I majored in American history and founded a nonprofit, Quill Entertainment Company, whose mission is “Teaching America’s Heritage Through Story and Song,” so I have long been drawn to dramatizing American history. After completing a musical, Battlecry, about the Battle of Gettysburg and musicalizing “The Gettysburg Address,” I felt an urge to write about Abraham Lincoln, who has always been one of my favorite Americans. And so I began reading about Lincoln and discovered, to my amazement, his relationship with Frederick Douglass. How could I have never known about this?! What an overlooked American. The more I read about Douglass, the more I admired him. And the more drafts I wrote (eleven to date), the more Douglass began to take over the story. About the sixth draft, I discovered my theme: Common Ground. And finally, in the last draft, I figured out a way to have Douglass be the protagonist. I have known that this would be the story of a friendship from the moment I read that Douglass crashed Lincoln’s Inaugural Ball, was barred at the door, and Lincoln insisted that he be allowed in. And then he introduced him to everyone as “My friend, Douglass.” To me, that signaled that Lincoln was acknowledging Douglass as his equal—a startling fact since he had said that he had never met a black man who was equal to a white. That much, and more, is based on history, but writing this musical has been a constant struggle for me to let go of the history and just write the drama. In the beginning, I tried to write the Lincoln/Douglass scenes based on what they actually wrote about their meetings, but that didn’t produce the drama I needed. Fortunately, my collaborator, Stan Wietrzychowski, kept reminding me that our job was to write entertainment first and history second. I have read dozens of books in the writing of this musical, so there is a great deal of history in it, but not so much that the storyline was hampered. Historians will have plenty to argue about in this piece, but I hope they and everybody else will have plenty to enjoy.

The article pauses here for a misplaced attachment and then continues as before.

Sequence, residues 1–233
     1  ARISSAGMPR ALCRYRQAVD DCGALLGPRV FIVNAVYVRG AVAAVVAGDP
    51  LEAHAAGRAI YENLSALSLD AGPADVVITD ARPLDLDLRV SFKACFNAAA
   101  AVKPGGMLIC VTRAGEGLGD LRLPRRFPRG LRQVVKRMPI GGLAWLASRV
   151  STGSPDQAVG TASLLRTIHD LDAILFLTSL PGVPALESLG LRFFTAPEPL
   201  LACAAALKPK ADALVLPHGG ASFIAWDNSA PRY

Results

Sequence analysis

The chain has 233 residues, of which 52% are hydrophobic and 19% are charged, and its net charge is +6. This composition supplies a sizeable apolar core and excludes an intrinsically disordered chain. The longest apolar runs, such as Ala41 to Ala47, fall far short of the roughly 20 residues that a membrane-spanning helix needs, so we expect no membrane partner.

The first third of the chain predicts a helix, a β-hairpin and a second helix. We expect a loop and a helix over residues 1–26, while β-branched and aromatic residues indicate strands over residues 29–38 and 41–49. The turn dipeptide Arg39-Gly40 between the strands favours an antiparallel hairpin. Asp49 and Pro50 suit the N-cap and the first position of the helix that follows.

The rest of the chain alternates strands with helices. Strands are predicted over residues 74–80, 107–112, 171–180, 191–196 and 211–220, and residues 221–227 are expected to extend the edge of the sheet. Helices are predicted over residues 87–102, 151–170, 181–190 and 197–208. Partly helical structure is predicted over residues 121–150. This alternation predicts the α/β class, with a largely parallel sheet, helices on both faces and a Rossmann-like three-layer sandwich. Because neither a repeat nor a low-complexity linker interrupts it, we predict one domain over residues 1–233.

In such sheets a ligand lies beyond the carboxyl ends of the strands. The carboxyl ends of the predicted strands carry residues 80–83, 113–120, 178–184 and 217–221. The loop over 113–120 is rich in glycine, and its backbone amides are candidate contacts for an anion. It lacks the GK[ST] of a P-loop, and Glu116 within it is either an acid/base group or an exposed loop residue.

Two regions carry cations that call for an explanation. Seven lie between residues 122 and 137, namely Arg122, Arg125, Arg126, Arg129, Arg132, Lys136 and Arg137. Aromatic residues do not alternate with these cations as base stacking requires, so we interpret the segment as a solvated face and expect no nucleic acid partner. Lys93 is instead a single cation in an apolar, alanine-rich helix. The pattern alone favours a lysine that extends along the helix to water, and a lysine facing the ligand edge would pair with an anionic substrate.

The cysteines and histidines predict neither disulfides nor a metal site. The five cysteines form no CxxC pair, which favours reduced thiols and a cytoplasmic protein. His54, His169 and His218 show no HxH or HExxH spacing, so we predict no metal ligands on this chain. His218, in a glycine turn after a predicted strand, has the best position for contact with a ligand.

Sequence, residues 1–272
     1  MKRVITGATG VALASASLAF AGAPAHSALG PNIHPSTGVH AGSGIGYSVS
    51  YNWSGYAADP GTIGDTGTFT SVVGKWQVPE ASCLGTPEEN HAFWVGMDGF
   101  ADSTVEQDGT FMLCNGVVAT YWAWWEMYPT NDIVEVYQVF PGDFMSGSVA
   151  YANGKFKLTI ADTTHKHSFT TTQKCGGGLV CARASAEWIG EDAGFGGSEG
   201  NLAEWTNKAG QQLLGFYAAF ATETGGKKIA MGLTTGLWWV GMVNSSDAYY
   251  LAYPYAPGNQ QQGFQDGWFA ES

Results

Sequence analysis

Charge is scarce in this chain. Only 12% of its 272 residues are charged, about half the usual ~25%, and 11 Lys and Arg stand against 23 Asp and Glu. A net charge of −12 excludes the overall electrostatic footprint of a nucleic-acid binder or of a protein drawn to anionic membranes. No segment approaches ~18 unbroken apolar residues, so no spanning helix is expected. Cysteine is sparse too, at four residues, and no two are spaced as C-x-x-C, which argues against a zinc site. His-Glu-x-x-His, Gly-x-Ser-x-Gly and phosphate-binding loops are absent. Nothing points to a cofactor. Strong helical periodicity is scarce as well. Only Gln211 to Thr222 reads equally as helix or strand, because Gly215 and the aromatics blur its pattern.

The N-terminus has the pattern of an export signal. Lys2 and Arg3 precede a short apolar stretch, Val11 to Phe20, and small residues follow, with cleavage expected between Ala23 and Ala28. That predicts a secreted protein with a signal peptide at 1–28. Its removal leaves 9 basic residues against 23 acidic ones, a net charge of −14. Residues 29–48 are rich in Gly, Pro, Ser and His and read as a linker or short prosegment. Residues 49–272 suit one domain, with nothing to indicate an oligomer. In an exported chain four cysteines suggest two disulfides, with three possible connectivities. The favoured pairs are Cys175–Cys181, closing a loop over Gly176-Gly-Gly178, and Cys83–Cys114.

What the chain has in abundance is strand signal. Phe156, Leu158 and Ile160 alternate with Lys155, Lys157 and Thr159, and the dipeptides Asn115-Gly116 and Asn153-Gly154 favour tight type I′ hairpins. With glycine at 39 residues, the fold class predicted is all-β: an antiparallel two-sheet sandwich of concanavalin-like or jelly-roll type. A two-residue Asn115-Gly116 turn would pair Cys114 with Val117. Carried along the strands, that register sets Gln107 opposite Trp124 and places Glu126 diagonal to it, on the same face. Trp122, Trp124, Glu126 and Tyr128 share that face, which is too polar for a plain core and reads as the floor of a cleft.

I have spoken a little about this above. What drew me to writing this story was the knowledge that no one had dramatized the Douglass/Lincoln relationship before—it’s always exciting to do something first. And I saw in their friendship a chance for me to address a subject that has always spoken deeply to me: the injustice done to our African-American sisters and brothers. The horrible aspects of racism, our country’s original sin, are obviously still with us today. I care so much that we treat each other with dignity and respect, regardless of skin color. So an important part of my thought process was: I want to speak as eloquently as I can about the need for racial healing in our country, the need for us all to live up to our founding ideals. As to why a musical? Because I love writing lyrics and I enjoy the challenge of structuring a story that allows room for song to advance the plot. But I also believe that our story becomes more powerful when set to music. It never occurred to me to write it any other way than as a musical.


Yes, this is my first festival ever. It has been a delight to work with my wonderful company in bringing our excerpt to life. And I have really appreciated the support I have received from Gene Fisch and all the NYNW staff. This is a professional, class-act all the way and I am proud— and grateful—to be a part of it.


I haven’t really had the experience yet because we have had our time onstage. But in meeting just a few of the artists involved, I have learned yet again that artists are incredibly inventive in what excites their imagination. We all live in the same world, but it sure does strike us all differently. Thank God!


I have been commissioned to write a play based on a book about Maine. The second in my trilogy of Amish Romances, published by Chickadee Prince Books, comes out this September and then I will embark on writing the third book! Another novel, The Last At-Bat of Shoeless Joe, comes out next October. And how’s this for an audacious dream?: I would like to get Batttlecry revived so that one day, along with COMMON GROUND, I can have two musicals about the Civil War running in repertory on Broadway! A guy’s gotta dream…